We're apt to ignore the importance of food preservation, but its significance can't be overestimated. In Pickled, Potted, and Canned
, Sue Shephard tells the fascinating and unexpectedly stirring story of the development of preserved, portable food--a history full of human ingenuity and mastery that limns our evolution from hunter-gathers, dependent upon food availability for sustenance, to "season cheaters" able to take nourishment when and where we wanted to and thus discover the world. Food preservation's history is the story of civilization itself, and in lively prose readers discover the way the world was shaped by such common yet extraordinary techniques as drying, salting, smoking, and, most recently, canning and freezing.
In 1800, Shepard writes, archaeologists working in Egypt discovered the body of a baby perfectly preserved in millennia-old honey, a practice stretching back in time and employed by the embalmers of Alexander the Great, also buried in honey. Sugar preservation, we are reminded, is one of the major techniques of food keeping--mixed with fruit, sugar produces jams, preserves, candied fruit, and other time-defying food--and Shepard traces its history from ancient Greece to the present. Similarly, she explores other techniques including salting, responsible for keeping meat and fish like cod palatable and at the ready; fermenting, to which we owe soy sauce and other mainstays; and drying, which gave us pasta and "ever-fresh" breads such as hardtack and matzo. From ancient but ever-evolving preservation methods like these to modern dehydration, which helps produce food that sustains astronauts, the book details simultaneously world-changing skills and culture in the making. --Arthur Boehm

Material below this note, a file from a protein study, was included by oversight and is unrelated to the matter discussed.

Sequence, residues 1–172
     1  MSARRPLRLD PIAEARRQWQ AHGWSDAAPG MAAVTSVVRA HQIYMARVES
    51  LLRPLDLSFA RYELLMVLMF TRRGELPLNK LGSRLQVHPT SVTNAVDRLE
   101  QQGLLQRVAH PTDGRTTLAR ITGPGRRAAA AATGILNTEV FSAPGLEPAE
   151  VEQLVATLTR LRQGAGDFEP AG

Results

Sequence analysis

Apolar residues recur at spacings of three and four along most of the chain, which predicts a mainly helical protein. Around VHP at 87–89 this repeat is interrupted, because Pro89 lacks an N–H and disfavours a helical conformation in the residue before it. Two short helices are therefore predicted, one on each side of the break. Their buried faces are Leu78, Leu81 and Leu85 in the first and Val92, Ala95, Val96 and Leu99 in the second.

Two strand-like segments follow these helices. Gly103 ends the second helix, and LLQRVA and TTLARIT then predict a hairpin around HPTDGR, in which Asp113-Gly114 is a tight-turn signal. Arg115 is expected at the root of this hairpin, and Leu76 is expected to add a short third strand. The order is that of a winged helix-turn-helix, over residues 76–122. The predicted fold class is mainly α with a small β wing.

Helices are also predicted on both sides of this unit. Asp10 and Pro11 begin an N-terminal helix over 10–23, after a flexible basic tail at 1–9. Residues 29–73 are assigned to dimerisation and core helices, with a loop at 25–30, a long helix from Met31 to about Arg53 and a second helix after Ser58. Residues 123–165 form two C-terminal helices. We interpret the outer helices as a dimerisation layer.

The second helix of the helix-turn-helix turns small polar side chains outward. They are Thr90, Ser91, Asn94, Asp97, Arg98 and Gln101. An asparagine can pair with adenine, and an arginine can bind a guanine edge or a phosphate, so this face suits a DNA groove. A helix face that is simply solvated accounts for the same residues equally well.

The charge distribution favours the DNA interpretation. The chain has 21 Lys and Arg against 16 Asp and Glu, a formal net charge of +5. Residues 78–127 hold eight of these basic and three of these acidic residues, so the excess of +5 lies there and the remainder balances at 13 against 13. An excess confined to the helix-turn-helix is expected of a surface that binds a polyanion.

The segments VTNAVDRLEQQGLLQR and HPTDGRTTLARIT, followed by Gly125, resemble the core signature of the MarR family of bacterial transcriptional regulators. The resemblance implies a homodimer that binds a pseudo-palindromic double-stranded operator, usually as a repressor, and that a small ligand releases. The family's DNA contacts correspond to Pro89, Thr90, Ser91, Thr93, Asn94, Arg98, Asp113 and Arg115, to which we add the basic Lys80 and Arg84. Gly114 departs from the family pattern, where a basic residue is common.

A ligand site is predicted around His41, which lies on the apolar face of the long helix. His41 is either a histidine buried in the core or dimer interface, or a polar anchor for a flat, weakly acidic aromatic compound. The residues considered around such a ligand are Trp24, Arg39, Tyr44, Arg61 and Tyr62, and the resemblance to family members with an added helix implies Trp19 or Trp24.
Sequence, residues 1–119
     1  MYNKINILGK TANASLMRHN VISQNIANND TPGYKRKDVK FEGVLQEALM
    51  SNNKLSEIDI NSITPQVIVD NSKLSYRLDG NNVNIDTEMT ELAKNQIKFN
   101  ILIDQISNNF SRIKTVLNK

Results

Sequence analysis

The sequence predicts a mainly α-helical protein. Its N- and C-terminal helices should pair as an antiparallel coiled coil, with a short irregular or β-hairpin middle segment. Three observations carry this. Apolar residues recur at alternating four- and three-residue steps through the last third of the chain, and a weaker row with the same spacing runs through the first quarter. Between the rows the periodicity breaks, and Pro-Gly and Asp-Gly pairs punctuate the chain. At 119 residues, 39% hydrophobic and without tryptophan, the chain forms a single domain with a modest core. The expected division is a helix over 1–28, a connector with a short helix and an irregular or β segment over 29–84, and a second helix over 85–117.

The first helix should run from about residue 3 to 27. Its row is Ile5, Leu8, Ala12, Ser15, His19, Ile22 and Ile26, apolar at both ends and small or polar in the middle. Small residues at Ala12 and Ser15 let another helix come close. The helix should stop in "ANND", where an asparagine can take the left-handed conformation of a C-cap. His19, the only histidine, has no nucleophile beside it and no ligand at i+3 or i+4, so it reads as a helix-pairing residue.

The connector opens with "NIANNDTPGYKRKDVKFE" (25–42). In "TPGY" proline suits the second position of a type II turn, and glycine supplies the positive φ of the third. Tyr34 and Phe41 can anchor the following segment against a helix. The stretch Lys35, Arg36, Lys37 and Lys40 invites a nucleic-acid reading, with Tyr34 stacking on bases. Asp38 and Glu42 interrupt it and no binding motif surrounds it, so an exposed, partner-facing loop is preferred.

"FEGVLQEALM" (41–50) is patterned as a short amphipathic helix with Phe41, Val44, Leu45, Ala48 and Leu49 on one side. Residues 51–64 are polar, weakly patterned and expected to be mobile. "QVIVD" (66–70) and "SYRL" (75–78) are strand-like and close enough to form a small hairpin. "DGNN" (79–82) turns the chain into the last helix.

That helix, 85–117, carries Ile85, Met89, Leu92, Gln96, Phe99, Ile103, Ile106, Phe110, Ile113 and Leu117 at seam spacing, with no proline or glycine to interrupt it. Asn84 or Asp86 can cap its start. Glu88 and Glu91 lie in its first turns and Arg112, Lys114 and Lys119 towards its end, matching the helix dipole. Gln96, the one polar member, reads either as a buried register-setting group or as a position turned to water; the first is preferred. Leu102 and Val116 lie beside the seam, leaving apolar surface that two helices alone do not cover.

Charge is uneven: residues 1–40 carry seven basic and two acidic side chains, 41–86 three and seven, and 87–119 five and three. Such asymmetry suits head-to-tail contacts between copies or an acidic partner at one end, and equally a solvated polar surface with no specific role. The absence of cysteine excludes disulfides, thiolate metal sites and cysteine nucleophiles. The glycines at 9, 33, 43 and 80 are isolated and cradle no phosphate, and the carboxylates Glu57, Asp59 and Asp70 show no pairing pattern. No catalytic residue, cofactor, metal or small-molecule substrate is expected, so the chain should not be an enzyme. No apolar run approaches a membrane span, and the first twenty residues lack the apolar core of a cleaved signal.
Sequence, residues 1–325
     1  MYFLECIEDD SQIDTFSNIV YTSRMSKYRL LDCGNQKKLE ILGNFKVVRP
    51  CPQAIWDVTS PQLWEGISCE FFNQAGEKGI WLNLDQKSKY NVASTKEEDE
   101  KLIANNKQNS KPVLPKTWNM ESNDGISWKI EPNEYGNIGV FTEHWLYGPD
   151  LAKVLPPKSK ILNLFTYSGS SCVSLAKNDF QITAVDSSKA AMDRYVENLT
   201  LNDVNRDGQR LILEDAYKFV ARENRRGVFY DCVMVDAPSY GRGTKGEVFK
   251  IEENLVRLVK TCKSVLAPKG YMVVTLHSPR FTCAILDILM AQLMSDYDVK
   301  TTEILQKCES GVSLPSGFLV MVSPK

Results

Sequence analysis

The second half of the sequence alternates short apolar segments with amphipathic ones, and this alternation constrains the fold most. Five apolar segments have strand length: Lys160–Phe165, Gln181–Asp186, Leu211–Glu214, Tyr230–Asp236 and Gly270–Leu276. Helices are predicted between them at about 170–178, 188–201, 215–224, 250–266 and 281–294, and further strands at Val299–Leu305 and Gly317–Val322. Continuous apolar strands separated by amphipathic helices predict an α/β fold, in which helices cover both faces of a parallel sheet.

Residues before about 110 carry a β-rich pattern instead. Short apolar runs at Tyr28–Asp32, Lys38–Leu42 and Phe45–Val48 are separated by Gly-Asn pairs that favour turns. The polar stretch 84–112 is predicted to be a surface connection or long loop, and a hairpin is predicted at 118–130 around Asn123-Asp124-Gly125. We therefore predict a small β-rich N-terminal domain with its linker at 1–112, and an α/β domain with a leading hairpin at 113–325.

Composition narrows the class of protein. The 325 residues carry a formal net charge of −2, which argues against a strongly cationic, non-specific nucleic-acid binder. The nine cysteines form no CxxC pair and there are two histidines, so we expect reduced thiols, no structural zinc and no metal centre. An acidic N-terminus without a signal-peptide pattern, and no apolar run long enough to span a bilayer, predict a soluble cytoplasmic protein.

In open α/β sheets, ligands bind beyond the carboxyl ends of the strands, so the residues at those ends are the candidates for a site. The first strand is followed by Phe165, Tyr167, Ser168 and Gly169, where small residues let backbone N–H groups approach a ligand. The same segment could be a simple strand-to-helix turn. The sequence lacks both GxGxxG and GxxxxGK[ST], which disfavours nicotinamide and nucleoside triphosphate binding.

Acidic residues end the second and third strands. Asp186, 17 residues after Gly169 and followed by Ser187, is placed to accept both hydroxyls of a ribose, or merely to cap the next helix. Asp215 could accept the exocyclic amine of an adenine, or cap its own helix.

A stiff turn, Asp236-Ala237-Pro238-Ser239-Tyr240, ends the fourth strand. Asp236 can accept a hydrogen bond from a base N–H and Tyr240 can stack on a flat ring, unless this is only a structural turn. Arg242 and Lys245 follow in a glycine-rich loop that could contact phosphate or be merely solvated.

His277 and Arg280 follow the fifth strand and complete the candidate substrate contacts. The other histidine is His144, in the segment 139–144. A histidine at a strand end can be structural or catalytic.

From Publishers Weekly
Before the advent of chemically preserved foods, people relied on ingenious natural preserving methods to survive winters. Shephard (coauthor, United Tastes of America), the creator of several food television programs in England, chronicles the history of food preservation in detail, from salt-cured pork, fermented soybeans (an Asian staple), fish buried in sand (in Africa and Northern Europe) and wines made from rice, to Bird's Eye dinners and freeze-dried astronaut food. Shephard argues that food preservation has been integral to human progress, allowing us to advance from subsistence hunter-gatherers to explorers and traders who can travel the globe and even outer space. While her focus is food, other interesting tidbits emerge: in 1800, archeologists found and consumed a jar of honey in Egypt, then discovered the body of a small baby preserved inside. (In fact, from the Neolithic era onward, Aryans, Sumerians, Babylonians and Cretans often buried their dead in honey.) One of the book's strongest sections covers explorations. The preservation of food was vital to early explorers like Marco Polo, who needed supplies to last through long, arduous journeys. (On one American Northwest expedition in 1801, Lewis and Clark brought "193 pounds of portable soup, twenty barrels of flour, fourteen barrels of parched corn, forty-two barrels of salt pork, two hundred pounds of beef tallow, and fifty pounds of pig lard stored in whisky barrels.") Shephard's straightforward tone and accessible scholarship make for a thorough and intriguing history. B&w photos and illus. Agent, Jane Turnbull.
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